Cooking Wild: Bear Vindaloo Recipe

This fiery recipe is just one more great reason for hunting bear.

Perhaps you harvested a huge bruin in northern Alberta or on the coast of BC this year? Perhaps you have leftover meat from your northern Saskatchewan hunt last season? My motto, when it comes to cooking bear meat, is that if a recipe works for beef, it’ll work even better for bear! Well, at least any recipe that calls for long, slow cooking such as this mouthwatering stew that’s loaded with the lively spices of Indian cuisine.

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The age-old story behind “Vindaloo” is that the dish actually derived from a Portuguese recipe known as “Carne de Vinha d’ Alhos,” made from domestic meat, usually pork or lamb, stewed in a rich sauce of wine and garlic. In the 1500s, the Portuguese introduced the original recipe to Goa, one of India’s smallest states, during Portugal’s colonial holdings in India. After Goan chefs tweaked the recipe by infusing it with traditional Indian spices commonly used in their country dishes, it took on its new name — Vindaloo and became one of the “hottest” curries ever created, second only to Tindaloo — the “king of fire!”

But don’t start sweating yet! Even though an authentic Vindaloo is hot enough to melt a spoon the good news is, when making your own version of the recipe you can easily control the heat by “upping” or “downing” the amount of chilies to suit your own tolerance.

Bear is my favourite meat for the Vindaloo pot but you can use any venison member or beef if you don’t have a stash of bear or other game meat in your freezer. And speaking of a pot, nothing beats a heavy cast-iron Dutch oven for making Vindaloo as it holds and distributes heat evenly producing a rich, thick sauce.

Some modern day North American cooks find it more convenient to use commercially prepared Vindaloo sauce that comes ready made in a jar, which is handy but once you’ve tasted authentic Vindaloo made from fresh ground spices, the bottled stuff just won’t do!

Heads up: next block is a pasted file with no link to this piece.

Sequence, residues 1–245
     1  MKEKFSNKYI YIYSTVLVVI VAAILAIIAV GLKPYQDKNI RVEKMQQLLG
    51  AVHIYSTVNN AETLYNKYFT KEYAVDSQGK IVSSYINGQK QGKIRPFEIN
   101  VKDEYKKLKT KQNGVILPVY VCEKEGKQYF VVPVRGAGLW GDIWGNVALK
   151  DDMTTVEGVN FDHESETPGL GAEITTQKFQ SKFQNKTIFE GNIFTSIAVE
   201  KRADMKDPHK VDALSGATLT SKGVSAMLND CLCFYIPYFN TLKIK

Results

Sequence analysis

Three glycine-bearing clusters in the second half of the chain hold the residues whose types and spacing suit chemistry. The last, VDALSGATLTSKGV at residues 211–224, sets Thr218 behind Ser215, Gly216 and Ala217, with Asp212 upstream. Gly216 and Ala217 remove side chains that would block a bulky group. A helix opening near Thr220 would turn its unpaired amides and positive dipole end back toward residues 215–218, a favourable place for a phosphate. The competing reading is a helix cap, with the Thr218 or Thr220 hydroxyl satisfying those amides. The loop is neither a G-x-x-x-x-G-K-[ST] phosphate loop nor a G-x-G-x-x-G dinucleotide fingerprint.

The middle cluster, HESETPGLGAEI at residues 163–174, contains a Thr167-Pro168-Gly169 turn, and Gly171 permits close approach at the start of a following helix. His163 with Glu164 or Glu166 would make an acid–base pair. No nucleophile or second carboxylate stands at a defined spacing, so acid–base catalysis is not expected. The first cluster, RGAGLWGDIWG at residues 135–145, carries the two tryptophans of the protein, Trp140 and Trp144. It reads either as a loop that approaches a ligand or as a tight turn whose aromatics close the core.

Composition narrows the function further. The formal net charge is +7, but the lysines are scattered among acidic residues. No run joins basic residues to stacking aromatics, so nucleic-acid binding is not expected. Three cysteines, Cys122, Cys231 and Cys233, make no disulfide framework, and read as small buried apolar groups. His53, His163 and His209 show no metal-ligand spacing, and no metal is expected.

The traditional Indian spices mentioned below can be found at larger supermarkets in the spice aisle as well as in the bulk food section. Buying spices in bulk is more economical and if stored in tightly capped containers on the pantry shelf, they’ll save indefinitely. Serve Bear Vindaloo with steamed basmati rice and easy-to-make Chappatis, recipe below. Red wine compliments the dish but beer is better if you need to douse the flame.

Bear Vindaloo

  • 2 pounds bear meat (stew-cut or a shoulder roast cut into one-inch cubes)
  • 3 tablespoons oil
  • 1 tablespoon cumin seeds
  • 3 dried chili peppers for medium-hot (more or less to suit taste)
  • 1 teaspoon black peppercorns
  • Seeds from 4 green cardamom pods, shucks discarded
  • 1 teaspoon fenugreek seeds
  • 1 teaspoons mustard seeds
  • ½ teaspoon brown sugar
  • 3 tablespoons white wine vinegar
  • 2 minced onions
  • 1 minced green pepper
  • Small knob of peeled ginger root
  • 4 cloves peeled garlic
  • 2 teaspoons ground coriander
  • ½ teaspoon ground turmeric

Using a pestle and mortar finely grind cumin seeds, chili peppers, peppercorns, cardamom seeds, fenugreek and mustard seeds. Add sugar and vinegar and blend well. Heat one tablespoon of oil in Dutch oven and fry onion and green pepper until soft. Transfer onion mixture to blender; add the spice mixture and process until smooth. Put remaining oil into the pan and sauté meat for 15 minutes. Push to the side of pot and add ginger, garlic, coriander and turmeric and sauté for three minutes. Stir in the onion and spice mixture and cook for 10 minutes over low heat. Add two cups water, cover and simmer until meat is tender and gravy is reduced to a thick sauce covering the meat. If you prefer thinner gravy, add more water throughout cooking. Serves four to six.

Easy Chappatis

Measure two cups of flour into a bowl. Add pinch of salt. Blend in enough warm water to make smooth, pliable dough. Divide into six pieces. Roll into thin circles and fry in a six to eight-inch cast-iron skillet until speckled on both sides. Do not grease the pan. Makes six.

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